Lane Kenworthy, The Good Society
One of the principal goals of a good society should be to improve the living standards of the least well-off.1 How poor are the least well-off in the United States and other affluent nations? How much has their standard of living risen in recent decades? Why have some countries done better than others?
- How poor are the poor?
- Are the poor better off in America than in other affluent countries?
- How do rich countries lift up the poor?
- Why so little progress for America’s poor?
HOW POOR ARE THE POOR?
Think of the income distribution in the United States as a ladder with five rungs, each of which holds 20% of the population. Among the 25 million households on the bottom rung, the average income as of 2016 was just $22,000.2
Income data are never perfect. However, these data, compiled by the Luxembourg Income Study, are quite good. They include earnings, government cash and near-cash transfers, and other sources of income. Tax payments are subtracted. These data give us a pretty reliable picture of the incomes of American households.
Few of these low-income Americans are destitute. Most have clothing, food, and shelter. Many have a car, a television, heat and air conditioning, and access to medical care.3 But making ends meet on an income of $22,000 is a challenge. That comes out to $1,833 a month. If you spend $700 on rent and utilities, $350 on food, and $250 on transportation, you’re left with just $533 each month for all other expenses — health care, child care, educational expenses, clothing, toiletries, hair care, cleaning supplies, furniture, appliances, cell phone, internet, cable or streaming tv, home or car repair, parking tickets, interest on credit card debt, gifts, and more. It’s doable. Tens of millions of Americans offer proof of that. But this is a life best described as “scraping by.”4
There are important caveats. First, since $22,000 is the average among these 25 million households, about half have an income above this amount, and for them making ends meet will be a little easier. But it still won’t be easy. And the other half have incomes below the $22,000 average. Some solo adults make do with an income of $10,000 or $5,000. Some families with one or more kids get by on $15,000 or even less. About 1% of families with children and 4% of those without children have, for at least three months during a year, an income of less than $2 a day — an astonishingly low amount. (That includes food stamps, EITC payments, and housing support.5) As Kathryn Edin, Luke Shaefer, Matthew Desmond, and others have documented, some of these Americans live in abysmal conditions and engage in demeaning or dangerous activities in order to subsist.6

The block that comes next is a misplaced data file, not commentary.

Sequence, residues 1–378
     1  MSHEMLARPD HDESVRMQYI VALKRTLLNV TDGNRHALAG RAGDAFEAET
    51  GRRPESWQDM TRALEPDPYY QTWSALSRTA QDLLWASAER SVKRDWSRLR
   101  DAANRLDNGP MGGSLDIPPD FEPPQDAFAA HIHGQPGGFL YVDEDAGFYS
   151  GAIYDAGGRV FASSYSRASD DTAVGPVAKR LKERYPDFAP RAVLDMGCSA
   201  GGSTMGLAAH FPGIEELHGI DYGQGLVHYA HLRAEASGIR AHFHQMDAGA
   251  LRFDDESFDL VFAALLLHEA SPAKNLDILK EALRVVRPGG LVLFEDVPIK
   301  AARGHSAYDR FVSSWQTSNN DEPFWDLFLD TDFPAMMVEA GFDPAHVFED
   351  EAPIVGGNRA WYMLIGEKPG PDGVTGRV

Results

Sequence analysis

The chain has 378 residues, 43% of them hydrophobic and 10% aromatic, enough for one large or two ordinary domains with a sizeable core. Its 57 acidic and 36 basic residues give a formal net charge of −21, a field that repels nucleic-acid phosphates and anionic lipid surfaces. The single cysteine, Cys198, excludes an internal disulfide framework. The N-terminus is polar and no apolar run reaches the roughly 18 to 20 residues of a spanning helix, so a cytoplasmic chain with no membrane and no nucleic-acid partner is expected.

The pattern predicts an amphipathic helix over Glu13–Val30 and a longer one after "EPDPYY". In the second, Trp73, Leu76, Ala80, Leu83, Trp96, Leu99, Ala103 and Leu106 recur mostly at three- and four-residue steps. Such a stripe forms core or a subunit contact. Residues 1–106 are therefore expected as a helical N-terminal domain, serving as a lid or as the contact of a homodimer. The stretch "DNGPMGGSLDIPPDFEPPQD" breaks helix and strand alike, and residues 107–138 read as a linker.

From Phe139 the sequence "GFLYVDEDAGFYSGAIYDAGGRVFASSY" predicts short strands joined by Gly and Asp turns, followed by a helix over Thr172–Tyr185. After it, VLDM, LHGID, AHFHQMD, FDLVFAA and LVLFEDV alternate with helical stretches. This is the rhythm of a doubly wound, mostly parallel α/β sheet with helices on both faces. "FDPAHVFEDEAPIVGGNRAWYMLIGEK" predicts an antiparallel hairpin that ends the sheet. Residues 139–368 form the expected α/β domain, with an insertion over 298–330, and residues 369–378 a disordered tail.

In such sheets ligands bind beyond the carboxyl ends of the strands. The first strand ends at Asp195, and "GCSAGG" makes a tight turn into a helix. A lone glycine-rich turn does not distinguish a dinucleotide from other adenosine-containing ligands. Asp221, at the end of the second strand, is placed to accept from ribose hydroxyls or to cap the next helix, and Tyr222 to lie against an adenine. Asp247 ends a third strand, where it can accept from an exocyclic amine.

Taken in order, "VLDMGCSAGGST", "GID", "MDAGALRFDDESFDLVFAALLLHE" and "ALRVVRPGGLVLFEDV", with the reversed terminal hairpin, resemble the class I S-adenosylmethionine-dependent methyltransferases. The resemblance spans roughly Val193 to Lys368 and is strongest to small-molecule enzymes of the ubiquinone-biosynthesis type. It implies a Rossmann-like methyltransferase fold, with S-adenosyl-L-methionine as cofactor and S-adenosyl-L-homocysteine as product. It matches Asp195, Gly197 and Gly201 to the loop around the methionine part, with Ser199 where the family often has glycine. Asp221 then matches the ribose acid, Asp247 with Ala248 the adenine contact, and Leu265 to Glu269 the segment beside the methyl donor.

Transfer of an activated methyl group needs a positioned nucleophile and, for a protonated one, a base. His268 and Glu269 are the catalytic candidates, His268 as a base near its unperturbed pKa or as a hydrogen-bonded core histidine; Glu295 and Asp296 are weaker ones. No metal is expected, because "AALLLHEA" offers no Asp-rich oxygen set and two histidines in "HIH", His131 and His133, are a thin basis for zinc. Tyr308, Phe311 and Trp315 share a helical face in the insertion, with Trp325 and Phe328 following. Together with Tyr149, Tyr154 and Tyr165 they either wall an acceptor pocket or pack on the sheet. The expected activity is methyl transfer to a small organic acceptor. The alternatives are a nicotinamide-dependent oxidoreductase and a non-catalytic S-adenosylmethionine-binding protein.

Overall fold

Second, some of these households have assets that reduce their expenses or provide a cushion in case expenses exceed income in a particular month or year. Some, for example, own a home outright and therefore have no rent or mortgage payments. But many Americans aren’t saved by assets. Approximately 26% are “asset poor,” meaning they don’t have enough assets to replace their income for at least three months.7
Third, these data very likely underestimate the true incomes of some households at the bottom. The data come from a survey in which people are asked what their income was in the prior year. People in low-income households tend to underreport their income, perhaps out of fear that accurate disclosure will result in loss of a government benefit they receive.8